There was this one moment I remember vividly from when I was a third year medical student. I had been working with one specific doctor all week in clinic, and we were talking about an interesting patient we had seen the day before.

"I worried about her all night," the attending said.

I remember reflecting on that line later that night. I remember it so vividly because I didn't worry about her at all. I went home that night, did some reading, mucked around on the internet, and had a blissful night's sleep. And I wondered why. Was it because I didn't understand the complexity of her case? Or was it, I really worried, because I didn't care about my patients enough?

That continued throughout the rest of medical school. I felt like I connected well with patients during the day. Empathized with them. Felt concern for them. But when I went home, I could unplug from that. And always in the background was this vague gnawing feeling tha maybe I didn't care enough.

From the other side, I can see it was because you are so well protected as a student. Sure, you dabble in independence. One night as a fourth year student we were being hammered on call. The resident was busy with our 8th trauma ICU admission of the night and a big case just got out of the operating room. The resident sent me to evaluate the patient and come back and tell me "stable or spiraling" (i.e. is this a patient I need to see now, or in an hour when the traumas are done). I remember the anxiety of that moment standing in the ICU room alone with the patient - looking at monitors, drains, and drips and trying to get the overall gestalt of the situation. But by the end of the night, the resident had come and seen the patient, and had agreed with my assessment. I went home and had a worry-free nights sleep.

In some ways, moving from student to resident is like being a sheltered teenager that suddenly graduates high school and moves away to college, thrown into a crazy world where dangerous things lurk around the corner.

I worry about my patients now.

The patient I just operated on with post-op tachycardia and EKG changes. I do an assessment, order labs, look at her old EKG, and make the determination that her heart rate is secondary to pain and she ends up going home. I worry that she is doing OK, and I didn't miss her heart attack.

The patient whose feeding tube comes out prior to discharge. I place a new one, order the xray, and see it isn't comfortably into the stomach. Go, advance the tube, and re-order the scan. Somehow the patient gets discharged before he follow-up x-ray is taken, and I worry all night that the tube is in the right place.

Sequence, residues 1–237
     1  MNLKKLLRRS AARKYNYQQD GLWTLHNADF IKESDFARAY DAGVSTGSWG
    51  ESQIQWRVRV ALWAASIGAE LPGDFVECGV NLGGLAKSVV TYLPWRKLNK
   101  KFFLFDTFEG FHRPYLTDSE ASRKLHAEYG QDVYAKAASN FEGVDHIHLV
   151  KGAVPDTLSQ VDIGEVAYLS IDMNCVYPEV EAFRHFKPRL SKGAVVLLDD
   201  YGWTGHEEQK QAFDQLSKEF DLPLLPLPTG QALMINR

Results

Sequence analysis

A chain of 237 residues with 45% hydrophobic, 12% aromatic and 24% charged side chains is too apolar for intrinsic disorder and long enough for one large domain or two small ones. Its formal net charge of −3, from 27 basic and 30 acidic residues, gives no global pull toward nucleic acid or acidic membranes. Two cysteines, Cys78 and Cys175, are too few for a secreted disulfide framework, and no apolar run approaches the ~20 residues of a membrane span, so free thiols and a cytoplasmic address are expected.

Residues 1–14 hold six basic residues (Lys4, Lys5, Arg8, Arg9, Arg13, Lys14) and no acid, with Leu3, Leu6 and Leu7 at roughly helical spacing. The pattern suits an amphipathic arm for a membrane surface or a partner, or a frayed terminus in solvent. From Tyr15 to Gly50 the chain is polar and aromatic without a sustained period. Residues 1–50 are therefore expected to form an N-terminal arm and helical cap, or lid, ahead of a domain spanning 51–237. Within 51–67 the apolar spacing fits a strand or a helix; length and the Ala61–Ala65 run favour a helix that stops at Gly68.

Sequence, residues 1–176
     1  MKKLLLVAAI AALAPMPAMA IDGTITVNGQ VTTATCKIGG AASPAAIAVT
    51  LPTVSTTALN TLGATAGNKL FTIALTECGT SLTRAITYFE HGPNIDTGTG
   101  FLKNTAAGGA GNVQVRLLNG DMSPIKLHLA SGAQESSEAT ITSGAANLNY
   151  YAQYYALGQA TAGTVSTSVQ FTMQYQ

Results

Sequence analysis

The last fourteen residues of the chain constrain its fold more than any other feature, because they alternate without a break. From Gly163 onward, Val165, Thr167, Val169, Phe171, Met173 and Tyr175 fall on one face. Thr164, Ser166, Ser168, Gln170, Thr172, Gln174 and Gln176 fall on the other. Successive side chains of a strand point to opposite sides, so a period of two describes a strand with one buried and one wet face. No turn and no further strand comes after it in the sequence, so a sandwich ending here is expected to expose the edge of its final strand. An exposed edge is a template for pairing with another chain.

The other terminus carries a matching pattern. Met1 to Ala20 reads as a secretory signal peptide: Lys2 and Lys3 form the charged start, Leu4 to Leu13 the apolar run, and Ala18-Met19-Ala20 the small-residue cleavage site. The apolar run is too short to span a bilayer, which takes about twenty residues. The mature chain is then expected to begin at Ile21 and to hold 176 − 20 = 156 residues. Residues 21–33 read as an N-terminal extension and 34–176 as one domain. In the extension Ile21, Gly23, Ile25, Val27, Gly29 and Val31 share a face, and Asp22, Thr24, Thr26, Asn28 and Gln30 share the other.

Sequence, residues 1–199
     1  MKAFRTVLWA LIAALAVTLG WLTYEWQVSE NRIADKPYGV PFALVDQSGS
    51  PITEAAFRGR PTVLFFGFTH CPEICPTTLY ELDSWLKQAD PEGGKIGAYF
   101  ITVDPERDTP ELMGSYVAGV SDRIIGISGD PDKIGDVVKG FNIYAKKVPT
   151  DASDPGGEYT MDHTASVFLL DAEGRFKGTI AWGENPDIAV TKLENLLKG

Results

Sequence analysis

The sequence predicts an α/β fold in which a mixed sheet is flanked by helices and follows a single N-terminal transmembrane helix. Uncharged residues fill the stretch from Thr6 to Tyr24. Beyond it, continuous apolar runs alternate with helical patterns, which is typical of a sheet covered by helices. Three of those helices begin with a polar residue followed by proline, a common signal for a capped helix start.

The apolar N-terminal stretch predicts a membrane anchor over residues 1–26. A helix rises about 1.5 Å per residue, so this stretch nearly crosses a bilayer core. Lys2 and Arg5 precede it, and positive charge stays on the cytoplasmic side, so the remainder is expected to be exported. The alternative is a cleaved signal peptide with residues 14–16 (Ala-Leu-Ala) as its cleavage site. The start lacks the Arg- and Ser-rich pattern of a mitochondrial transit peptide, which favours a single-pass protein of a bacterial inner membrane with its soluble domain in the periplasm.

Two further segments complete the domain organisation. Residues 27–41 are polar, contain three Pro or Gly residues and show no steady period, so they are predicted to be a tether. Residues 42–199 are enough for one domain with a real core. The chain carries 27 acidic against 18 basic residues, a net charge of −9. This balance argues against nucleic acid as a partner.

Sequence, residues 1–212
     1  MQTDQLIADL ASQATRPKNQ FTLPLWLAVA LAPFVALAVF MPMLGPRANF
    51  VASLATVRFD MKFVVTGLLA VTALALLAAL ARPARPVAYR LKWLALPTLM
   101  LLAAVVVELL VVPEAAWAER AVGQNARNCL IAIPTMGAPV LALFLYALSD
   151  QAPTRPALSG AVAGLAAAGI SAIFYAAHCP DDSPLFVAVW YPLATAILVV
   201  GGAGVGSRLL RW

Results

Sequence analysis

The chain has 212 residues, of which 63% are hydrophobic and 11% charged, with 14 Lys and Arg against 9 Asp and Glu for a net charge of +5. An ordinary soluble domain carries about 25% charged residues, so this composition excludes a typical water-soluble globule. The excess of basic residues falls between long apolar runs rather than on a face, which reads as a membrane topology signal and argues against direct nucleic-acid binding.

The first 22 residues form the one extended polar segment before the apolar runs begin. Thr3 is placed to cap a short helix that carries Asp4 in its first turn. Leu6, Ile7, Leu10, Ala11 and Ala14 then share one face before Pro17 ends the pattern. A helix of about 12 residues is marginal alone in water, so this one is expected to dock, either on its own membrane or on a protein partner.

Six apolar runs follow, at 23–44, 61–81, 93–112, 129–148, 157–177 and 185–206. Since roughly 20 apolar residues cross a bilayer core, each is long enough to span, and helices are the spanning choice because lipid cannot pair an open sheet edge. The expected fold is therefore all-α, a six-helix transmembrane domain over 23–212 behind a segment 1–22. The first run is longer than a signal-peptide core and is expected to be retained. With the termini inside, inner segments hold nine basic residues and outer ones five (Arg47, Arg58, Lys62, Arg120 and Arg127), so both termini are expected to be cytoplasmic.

The patient with shortness of breath after an operation where you SHOULD feel some shortness of breath, and I worry that her symptoms are covering up something more insidious.

There's a few things that I mull over about this newfound worrywort quality of mine:
1. I wonder if it is because I don't want to "get caught" doing something "wrong." I think that may be part of it, because all of us in medicine tend to have a perfectionistic quality. And I recognize that, as a person who didn't really get "into trouble" as a child growing up, I retain some of that quality in adulthood even now as a resident where I don't want to be in "trouble."
2. That being said, most of my focus is on my patients. The worst thoughts I have are of my patient at home, suffering, because of something I did or something I missed. So I think my worry comes from a good place, because my focus is on keeping my patients well.
3. I'm learning that its good to have worry. It keeps you vigilant. But you have to be able to turn it off. You have to be able to trust your colleagues to handle issues for you. You have to be comfortable with uncertainty and trust that if things begin to go downhill, the patient will let you know.
4. I'm also learning that perfection is a noble and good goal but not an attainable reality. You will make mistakes. There are mechanisms in place to pick up on mistakes. And, to use a cheap sports analogy, you have to forget about the botched play and get ready for the next one.

I think back to those days of medical school when I worried that I didn't worry enough and I smile. It's always fun to reflect on your own naïveté.